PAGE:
Chapter Scripts

Surah You’nas: 10:31-40

10:31 Say: “Who is it that provides you with sustenance out of heaven and earth, or who is it that has full power over [your] hearing and sight? And who is it that brings forth the living out of that which is dead, and brings forth the dead out of that which is alive? And who is it that governs all that exists?” And they will [surely] answer: “[It is] God. Say, then: “Will you not, then, become [fully] conscious of Him .


His answer relates not merely to the question as to why God has not bestowed on Muhammad a “miraculous sign” of his prophethood, but also to the “why” of his having been chosen for his prophetic mission. See in this connection 2:105 (“God singles out for His grace whom He wills”) and 3:73-74 (“God is infinite, all-knowing, singling out for His grace whom He wills”)

10:32 Seeing that He is God, your Sustainer, the Ultimate Truth?51 For, after the truth [has been forsaken], what is there [left] but error? How, then, can you lose sight of the truth?”


i.e., the two categories of people referred to in verses 7, 11, 12, 15.

10:33 Thus is thy Sustainer’s word proved true with regard to such as are bent on sinful doings: they will not believe.


Lit., “they have forthwith a scheme against Our messages”. (The particle idha preceding this clause is meant to bring out the element of immediacy, and is best rendered as “lo! they forthwith…”, etc.) Since God’s messages are purely conceptual, the “scheming against them” obviously connotes the devising of fallacious arguments meant to cast doubt on the divine origin of these messages or to “disprove” the statements made in them. The above discourse on the psychology of agnosticism and half-belief is continued in the parable of the seafarers set forth in the next two verses.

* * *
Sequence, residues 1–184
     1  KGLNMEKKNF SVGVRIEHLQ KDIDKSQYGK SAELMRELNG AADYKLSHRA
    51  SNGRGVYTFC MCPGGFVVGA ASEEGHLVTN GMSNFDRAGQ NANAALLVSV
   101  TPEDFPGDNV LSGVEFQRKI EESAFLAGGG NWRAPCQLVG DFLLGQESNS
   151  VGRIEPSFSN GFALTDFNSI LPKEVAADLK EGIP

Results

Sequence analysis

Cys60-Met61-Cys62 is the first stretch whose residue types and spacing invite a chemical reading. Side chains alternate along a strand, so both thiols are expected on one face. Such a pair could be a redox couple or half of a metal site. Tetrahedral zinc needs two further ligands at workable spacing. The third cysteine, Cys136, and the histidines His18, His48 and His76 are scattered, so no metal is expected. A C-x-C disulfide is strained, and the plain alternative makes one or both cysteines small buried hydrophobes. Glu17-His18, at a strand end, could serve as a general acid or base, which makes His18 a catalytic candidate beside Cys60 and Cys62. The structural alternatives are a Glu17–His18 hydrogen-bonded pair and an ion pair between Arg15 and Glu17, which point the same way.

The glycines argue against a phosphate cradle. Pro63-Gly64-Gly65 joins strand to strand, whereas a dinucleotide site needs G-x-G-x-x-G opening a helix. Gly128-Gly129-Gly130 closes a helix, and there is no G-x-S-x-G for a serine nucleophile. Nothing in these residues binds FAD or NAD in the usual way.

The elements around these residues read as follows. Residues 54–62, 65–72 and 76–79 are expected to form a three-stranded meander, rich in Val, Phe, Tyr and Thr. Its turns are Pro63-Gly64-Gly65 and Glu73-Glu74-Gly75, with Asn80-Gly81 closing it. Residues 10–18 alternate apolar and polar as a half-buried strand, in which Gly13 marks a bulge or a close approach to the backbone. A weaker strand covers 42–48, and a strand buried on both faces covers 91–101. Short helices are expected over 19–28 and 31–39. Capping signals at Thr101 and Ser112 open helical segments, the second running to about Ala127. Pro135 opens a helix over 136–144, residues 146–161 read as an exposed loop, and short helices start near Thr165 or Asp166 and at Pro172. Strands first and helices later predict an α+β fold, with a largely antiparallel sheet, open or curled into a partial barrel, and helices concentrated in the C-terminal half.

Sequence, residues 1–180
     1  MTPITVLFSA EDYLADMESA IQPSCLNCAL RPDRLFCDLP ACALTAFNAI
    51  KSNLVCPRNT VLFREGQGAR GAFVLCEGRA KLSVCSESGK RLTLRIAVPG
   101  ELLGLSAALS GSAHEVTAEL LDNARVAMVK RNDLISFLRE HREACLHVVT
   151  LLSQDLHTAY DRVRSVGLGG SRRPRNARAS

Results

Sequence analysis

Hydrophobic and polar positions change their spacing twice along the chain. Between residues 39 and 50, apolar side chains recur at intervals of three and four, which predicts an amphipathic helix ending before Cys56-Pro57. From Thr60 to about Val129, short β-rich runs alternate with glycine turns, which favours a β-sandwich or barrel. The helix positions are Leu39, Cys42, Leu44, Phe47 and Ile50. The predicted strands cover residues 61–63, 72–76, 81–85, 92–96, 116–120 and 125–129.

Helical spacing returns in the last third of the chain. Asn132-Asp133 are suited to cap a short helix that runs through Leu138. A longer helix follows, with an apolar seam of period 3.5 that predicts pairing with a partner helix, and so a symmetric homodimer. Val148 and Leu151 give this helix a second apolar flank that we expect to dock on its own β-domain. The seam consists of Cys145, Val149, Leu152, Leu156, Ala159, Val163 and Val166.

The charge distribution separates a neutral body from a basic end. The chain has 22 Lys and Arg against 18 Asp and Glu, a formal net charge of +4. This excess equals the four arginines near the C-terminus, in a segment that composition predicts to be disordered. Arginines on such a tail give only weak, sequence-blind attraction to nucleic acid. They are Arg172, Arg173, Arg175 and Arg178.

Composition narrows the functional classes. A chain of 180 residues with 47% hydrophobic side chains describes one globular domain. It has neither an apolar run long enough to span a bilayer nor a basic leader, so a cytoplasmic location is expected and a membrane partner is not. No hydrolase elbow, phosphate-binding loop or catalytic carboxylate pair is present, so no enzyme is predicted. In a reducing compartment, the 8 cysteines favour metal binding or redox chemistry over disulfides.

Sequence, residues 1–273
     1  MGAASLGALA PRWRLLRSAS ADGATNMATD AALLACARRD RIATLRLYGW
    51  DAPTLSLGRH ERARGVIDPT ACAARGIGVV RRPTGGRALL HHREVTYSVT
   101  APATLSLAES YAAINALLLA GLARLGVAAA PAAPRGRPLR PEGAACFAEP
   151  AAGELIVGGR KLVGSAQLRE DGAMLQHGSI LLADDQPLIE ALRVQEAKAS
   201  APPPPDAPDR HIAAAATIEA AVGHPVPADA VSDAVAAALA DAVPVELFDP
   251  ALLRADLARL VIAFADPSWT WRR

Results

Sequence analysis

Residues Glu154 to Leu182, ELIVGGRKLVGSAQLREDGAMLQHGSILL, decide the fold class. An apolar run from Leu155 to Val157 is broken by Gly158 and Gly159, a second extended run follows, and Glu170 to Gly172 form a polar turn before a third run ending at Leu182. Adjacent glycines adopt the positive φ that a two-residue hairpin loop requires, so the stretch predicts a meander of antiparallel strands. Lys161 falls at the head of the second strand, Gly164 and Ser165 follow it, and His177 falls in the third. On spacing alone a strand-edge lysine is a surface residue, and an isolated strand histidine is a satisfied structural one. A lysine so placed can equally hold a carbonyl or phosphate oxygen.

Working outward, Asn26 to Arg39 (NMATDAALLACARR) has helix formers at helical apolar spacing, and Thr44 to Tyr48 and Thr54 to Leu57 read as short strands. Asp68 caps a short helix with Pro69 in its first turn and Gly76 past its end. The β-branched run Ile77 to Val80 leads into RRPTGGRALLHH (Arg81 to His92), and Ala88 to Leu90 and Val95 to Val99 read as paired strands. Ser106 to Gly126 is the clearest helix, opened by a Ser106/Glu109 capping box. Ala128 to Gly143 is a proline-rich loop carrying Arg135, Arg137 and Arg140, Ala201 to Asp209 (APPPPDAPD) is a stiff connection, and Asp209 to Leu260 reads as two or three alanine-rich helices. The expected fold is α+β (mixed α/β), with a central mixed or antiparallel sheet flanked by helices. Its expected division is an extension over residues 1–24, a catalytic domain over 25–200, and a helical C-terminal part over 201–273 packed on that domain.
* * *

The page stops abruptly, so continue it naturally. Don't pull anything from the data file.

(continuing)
10:34 Say: “Can any of those beings to whom you ascribe a share in God’s divinity create [life] in the first instance, and then bring it forth anew?” Say: “It is God [alone] who creates [all life] in the first instance, and then brings it forth anew.  How perverted, then, are your minds!” 


Lit., “until, when you are in the ships…”, etc. As has been pointed out by Zamakhshari, the particle “until” (hatta) which precedes this clause refers to the sudden rise of the storm described in the sequence, and not to the “going to sea in ships”. It is to be noted that at this point the discourse changes abruptly from the direct address “you” to the third person plural (“they”): a construction which is evidently meant to bring out the allegorical character of the subsequent narrative and to turn it into a lesson of general validity.

10:35 Say: “Does any of those beings to whom you ascribe a share in God’s divinity guide unto the truth?” Say: “It is God [alone] who guides unto the truth. Which, then, is more worthy to be followed – He who guides unto the truth, or he who cannot find the right way unless he is guided? What, then, is amiss with you and your judgment?”


See verse 12 (of which the above passage is a parabolic illustration) and the corresponding notes.